Although typical Costa Rican food is in fact simple to prepare vegetarian, I have to say that I am disturbed by the amount of fast food chains that exist here, and quite surprised at the lack of veg-friendly restaurants.  Instead there are a great deal of McDonald’s, Pizza Huts, and Taco Bells that satisfy some people’s appetites, but not mine. I surely thought living in the city would guarantee me innumerable charming little cafes with vegan options, but I was wrong.  However, that does not mean they do not exist.  You just need to look:

I actually found one while watching TV with my Mama Tica.  They were interviewing one of the owners of a recently opened veg-friendly restaurant in downtown.  One weekend when a large group of my friends left the country to Nicaragua and/or Panama, I decided to venture to downtown solo.  Once I leave my house I do not get internet, and directions in Costa Rica are already confusing, therefore it took me about 2 hours before I finally came across the hidden restaurant called Cafe 13•30.

 Cafe 13•30

I took my friends back with me for lunch one day and 13509118_1782399005322832_8696934465006467364_nI was so excited to finally try the plátano burger I had been craving since the day I saw it on TV.  The entrance to the cafe is this expensive bohemian clothing store.  But then you continue and there’s a counter with delicious-looking postres (desserts), and tables beyond that.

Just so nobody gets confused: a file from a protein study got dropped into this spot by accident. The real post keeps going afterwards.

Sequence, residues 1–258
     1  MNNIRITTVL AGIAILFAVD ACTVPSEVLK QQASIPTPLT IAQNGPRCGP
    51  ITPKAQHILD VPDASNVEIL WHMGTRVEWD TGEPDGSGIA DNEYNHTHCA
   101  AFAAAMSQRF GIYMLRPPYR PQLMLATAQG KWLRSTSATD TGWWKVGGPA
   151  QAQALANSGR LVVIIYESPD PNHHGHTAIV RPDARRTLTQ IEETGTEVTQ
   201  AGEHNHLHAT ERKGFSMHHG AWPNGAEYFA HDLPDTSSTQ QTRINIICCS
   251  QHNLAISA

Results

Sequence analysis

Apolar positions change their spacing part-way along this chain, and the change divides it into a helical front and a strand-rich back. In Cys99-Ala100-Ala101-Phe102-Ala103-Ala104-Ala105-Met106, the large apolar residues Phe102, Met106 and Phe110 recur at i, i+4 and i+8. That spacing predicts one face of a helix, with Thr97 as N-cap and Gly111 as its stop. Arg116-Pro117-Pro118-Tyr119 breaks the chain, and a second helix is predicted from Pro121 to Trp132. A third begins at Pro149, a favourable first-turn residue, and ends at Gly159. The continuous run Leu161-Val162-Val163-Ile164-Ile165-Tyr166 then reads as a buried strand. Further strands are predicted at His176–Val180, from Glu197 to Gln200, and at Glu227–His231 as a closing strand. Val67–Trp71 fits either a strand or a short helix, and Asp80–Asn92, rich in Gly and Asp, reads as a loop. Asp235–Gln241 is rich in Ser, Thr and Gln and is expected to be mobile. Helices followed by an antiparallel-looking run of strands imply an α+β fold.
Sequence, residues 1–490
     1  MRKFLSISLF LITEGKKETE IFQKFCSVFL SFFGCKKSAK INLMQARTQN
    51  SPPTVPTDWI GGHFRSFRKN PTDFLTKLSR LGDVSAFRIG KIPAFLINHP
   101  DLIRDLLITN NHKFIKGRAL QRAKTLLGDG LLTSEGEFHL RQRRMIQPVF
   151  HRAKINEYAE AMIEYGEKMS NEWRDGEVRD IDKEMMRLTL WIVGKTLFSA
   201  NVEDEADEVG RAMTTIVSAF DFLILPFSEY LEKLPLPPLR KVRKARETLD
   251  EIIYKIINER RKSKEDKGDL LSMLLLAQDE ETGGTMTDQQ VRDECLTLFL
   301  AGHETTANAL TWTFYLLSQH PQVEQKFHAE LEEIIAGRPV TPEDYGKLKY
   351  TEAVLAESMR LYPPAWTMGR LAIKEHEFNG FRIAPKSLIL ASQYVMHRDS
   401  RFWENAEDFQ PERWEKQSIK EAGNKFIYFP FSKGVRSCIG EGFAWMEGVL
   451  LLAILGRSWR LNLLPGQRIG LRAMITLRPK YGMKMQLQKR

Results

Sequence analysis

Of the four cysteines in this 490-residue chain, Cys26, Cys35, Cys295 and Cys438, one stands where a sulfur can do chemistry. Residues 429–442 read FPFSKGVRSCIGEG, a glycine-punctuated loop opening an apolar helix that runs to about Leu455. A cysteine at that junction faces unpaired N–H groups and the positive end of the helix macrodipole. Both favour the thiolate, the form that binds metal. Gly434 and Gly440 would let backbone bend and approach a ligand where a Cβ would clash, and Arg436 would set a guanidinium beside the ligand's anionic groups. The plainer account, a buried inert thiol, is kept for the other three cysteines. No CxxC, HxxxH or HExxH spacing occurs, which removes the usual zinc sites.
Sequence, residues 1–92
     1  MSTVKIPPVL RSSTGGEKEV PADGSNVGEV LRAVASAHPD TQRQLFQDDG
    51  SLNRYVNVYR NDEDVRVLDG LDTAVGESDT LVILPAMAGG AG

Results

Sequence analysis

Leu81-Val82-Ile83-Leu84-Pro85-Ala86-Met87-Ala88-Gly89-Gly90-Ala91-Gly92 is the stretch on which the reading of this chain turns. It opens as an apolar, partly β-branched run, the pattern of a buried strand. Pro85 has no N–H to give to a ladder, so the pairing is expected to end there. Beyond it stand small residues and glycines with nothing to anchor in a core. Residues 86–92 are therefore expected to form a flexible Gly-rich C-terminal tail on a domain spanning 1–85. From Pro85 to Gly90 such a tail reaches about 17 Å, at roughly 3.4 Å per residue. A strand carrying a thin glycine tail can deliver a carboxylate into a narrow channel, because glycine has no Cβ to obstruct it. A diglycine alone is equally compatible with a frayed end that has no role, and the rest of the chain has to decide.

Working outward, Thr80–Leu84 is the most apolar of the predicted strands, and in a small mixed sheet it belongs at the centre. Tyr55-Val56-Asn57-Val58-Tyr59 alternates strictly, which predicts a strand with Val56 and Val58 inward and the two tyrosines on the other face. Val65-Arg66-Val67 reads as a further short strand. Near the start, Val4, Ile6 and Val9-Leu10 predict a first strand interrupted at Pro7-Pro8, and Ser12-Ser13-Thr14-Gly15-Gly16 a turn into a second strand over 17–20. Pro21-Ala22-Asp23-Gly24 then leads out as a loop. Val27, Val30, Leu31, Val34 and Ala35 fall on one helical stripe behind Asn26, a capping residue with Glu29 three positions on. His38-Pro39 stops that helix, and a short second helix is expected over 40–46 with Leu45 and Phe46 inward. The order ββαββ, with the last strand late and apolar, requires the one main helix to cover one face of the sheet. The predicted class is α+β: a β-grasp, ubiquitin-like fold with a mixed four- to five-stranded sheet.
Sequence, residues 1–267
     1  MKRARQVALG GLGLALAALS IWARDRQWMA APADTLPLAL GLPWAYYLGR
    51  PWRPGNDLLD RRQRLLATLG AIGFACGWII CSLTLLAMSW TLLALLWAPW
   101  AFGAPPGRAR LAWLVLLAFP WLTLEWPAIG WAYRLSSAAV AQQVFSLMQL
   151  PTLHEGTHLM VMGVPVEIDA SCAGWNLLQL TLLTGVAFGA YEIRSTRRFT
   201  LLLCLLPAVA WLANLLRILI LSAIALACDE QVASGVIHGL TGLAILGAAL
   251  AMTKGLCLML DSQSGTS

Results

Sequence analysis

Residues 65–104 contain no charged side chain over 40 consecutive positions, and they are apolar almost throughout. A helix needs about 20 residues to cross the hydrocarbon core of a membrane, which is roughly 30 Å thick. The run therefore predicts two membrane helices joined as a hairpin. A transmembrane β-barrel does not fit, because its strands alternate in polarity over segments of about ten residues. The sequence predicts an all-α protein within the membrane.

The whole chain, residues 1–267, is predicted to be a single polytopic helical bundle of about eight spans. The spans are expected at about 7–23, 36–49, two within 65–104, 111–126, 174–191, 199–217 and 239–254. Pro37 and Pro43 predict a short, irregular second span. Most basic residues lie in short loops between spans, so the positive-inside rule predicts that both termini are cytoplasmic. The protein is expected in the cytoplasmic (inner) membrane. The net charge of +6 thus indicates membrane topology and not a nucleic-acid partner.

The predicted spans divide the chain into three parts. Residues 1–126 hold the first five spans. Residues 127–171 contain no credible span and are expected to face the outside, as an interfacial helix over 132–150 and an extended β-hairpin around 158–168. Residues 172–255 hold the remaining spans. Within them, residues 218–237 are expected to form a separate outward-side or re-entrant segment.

Before I talk about the food, let me tell you about las bebidas (the drinks)!  I ordered the arándano menta (cranberry mint), and it was super yummy and refreshing!  Not to mention that it was served in a pretty little mason jar!  To eat, I ordered the Veggiesimo burger.  The staff was so friendly and helplful to me and my friends who had questions about spanish ingredients, and the food came out pretty quickly.  This restaurant serves meat burgers, wraps, sandwiches, and salads, but also has a veg version of everything!

For dessert, I ordered a piece of their dairy-free, egg-free carrot cake!  Yes, one of my favorite desserts of all time!  This carrot cake may have been the best I have ever had. The only thing I wished when I was leaving this place was that I could fit more food in my stomach.  A spectacular meal, great service, and cozy atmosphere.  I highly recommend Cafe 13•30.

Water

A really great thing about San José is that the water is safe!  Yes, it’s true.  Drinking water from the faucet is safe and clean in the city.  It’s when you leave the city, especially when traveling to the coasts, that you must be careful.  When I leave San José for the weekend, I usually just play it safe and purchase water bottles near the coast.

Insects